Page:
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The Future Pediatrician: Promoting Children's Health and Development

"The time is right to reconsider the goals, content, and processes of preventive pediatric care," argues Edward L. Schor, M.D., in "The Future Pediatrician: Promoting Children's Health and Development"(The Journal of Pediatrics, Nov. 2007).

The past several decades have seen vast changes in children's health and in the social patterns of family life, Schor notes. These changes, combined with the recognition that social and physical environments play an important role in lifelong health and social competence, has brought increasing focus on the preventive care available to children and their families.

Schor believes that the content of preventive care, as well as the training of practitioners, should be guided by a predetermined set of measurable outcomes for well-child care. Strategies to improve preventive care could include individualized care plans; greater use of practice management tools, such as flow sheets and e-mail; team-based care; and standardized data collection through structured screening and other means.

Signs of Inadequate Preventive Care

Studies have found that many children reach kindergarten without ever being screened for vision or hearing problems. Others have language delays that are identified too late for early intervention. Parents concerned about their children's learning, behavior, or development often report that their pediatrician did not adequately address their concerns. "There is accumulating evidence that, similar to sick care, the quality of well-child care is quite variable," Schor says. "Despite a growing body of evidence demonstrating the efficacy of many elements of preventive care, much of the care as currently provided in busy practices is no doubt ineffective."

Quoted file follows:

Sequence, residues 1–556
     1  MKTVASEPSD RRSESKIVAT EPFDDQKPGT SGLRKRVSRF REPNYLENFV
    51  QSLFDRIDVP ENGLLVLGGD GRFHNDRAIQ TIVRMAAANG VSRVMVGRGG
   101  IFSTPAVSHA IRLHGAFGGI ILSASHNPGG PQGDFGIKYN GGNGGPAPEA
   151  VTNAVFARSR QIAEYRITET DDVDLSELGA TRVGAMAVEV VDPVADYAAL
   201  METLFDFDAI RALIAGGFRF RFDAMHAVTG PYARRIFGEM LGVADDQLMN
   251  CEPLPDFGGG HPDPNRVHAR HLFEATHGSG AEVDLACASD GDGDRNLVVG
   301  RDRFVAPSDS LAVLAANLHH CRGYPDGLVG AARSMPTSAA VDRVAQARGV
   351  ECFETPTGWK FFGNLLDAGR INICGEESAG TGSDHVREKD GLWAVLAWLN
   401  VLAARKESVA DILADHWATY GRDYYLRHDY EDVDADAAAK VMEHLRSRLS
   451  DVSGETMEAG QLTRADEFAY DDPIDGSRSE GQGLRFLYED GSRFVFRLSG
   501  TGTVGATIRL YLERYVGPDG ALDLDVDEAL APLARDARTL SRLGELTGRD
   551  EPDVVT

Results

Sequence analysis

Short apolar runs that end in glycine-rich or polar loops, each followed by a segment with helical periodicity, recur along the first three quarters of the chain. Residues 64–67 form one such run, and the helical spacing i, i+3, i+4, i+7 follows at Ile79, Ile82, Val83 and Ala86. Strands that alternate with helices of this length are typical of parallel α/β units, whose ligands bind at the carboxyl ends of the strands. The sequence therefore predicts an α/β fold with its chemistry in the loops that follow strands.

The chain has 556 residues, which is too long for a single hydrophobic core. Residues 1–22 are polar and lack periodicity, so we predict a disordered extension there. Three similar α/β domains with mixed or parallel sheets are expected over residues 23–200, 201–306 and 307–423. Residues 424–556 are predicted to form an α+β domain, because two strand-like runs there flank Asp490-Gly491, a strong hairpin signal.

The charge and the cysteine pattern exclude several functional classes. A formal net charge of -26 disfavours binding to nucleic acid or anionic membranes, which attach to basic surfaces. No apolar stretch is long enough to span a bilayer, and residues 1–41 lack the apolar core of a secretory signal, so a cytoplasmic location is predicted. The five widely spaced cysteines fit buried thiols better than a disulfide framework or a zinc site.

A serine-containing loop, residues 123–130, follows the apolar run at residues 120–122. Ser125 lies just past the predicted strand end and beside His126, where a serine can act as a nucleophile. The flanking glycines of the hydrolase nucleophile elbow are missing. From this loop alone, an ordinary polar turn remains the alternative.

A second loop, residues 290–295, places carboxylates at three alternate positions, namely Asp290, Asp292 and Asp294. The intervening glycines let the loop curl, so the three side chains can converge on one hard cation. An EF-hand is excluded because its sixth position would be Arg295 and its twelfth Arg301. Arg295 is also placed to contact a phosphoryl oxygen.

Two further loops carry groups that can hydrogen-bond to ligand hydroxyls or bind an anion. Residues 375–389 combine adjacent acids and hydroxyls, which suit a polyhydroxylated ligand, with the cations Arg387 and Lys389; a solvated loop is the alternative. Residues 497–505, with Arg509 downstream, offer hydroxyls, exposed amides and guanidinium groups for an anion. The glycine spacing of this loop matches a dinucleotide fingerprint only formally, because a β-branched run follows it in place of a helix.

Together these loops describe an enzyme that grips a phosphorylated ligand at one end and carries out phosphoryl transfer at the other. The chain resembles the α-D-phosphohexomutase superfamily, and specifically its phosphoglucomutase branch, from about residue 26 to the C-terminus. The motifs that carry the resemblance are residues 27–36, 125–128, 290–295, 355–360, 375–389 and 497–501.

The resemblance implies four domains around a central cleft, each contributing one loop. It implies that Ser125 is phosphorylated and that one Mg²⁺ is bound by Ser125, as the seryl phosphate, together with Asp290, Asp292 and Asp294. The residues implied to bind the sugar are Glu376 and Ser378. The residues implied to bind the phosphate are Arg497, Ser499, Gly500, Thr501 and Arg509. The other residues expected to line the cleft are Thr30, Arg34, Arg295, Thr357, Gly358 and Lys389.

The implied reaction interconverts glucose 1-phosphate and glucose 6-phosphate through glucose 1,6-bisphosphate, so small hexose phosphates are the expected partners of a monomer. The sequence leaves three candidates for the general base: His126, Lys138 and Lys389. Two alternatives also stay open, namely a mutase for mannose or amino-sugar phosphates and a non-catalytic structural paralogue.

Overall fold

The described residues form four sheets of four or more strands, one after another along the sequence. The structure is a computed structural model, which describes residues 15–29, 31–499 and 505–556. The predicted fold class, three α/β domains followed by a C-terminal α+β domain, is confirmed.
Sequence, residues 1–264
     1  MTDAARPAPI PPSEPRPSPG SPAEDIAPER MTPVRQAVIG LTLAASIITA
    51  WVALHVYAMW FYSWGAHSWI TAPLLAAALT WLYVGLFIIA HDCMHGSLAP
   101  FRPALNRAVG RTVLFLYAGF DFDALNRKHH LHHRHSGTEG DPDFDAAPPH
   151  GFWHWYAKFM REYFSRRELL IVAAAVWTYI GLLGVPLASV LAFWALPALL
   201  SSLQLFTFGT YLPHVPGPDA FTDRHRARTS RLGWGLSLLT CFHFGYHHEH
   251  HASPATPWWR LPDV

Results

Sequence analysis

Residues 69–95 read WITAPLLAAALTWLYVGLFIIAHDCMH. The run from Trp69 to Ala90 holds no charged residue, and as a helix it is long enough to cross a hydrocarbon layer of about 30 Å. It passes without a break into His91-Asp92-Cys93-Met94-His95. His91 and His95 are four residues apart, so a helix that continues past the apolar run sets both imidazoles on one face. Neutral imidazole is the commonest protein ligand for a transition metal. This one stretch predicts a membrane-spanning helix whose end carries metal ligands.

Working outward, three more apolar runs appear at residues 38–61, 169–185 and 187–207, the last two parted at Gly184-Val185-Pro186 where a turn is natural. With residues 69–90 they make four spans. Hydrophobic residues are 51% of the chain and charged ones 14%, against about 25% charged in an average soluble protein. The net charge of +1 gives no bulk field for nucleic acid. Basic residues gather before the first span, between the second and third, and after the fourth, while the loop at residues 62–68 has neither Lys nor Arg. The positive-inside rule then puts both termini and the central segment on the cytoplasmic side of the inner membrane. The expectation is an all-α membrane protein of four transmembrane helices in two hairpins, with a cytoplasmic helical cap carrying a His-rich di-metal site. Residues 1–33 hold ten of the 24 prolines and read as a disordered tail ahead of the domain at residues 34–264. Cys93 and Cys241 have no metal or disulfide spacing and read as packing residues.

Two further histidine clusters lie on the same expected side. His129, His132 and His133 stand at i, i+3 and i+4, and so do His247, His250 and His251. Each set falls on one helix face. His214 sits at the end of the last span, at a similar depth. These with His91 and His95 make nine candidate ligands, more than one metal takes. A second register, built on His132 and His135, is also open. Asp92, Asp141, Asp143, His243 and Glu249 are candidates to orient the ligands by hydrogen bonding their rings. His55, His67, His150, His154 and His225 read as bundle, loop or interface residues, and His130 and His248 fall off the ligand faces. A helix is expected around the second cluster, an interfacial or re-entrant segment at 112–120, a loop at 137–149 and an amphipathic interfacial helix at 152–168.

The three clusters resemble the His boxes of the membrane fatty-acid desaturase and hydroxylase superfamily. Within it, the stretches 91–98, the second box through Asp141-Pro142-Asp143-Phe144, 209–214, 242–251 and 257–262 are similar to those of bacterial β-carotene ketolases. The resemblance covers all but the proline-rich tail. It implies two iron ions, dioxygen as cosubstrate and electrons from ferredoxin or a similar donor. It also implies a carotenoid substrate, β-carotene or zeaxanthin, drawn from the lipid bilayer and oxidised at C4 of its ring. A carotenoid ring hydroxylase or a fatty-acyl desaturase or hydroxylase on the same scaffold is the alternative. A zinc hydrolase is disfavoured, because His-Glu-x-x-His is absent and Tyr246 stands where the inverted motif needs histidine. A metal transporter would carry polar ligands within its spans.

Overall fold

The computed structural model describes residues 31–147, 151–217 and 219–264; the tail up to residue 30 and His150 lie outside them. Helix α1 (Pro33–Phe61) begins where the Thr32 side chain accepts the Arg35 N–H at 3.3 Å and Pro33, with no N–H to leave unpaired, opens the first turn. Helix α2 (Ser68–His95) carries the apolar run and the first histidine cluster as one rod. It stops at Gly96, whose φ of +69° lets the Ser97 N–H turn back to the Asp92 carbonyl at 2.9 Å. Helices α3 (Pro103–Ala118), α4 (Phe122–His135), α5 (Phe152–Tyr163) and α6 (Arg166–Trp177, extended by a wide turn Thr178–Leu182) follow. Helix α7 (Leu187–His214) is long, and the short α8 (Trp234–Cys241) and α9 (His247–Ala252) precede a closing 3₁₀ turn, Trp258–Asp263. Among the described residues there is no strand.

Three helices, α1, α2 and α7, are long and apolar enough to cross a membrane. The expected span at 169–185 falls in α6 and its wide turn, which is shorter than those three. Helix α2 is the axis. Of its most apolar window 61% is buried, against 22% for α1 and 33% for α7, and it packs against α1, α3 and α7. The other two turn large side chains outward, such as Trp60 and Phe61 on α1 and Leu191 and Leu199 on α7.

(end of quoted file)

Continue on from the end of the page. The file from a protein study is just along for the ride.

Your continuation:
As an example, Schor says that "routine care" is often too routine—that is, it responds insufficiently to families' specific circumstances. Higher-need families, including those with low incomes and low levels of education, may receive less information or shorter visits, or may not receive referrals to potentially helpful community resources. At-risk children, moreover, have been found to be less likely to receive preventive and developmental services during well-child visits.

Dissonance Between Needs and Capacity

Pediatricians report concerns about their ability to address the changing health problems of children, given their training and a reimbursement system that values procedures over cognitive services. "The dissonance between the needs of patients and the capacity of the health care system is even more pronounced for preventive pediatric care and developmental services," the author writes.

The failure to individualize care is likely a function of physicians' habits, the time pressures of running a financially viable practice, and the failure to adopt practice systems that have proven effective and efficient, says Schor. For example, standardized screening tools, which can be used in the office waiting room to identify children and adolescents at risk for health problems with minimal use of practitioner time, tend to not be used routinely.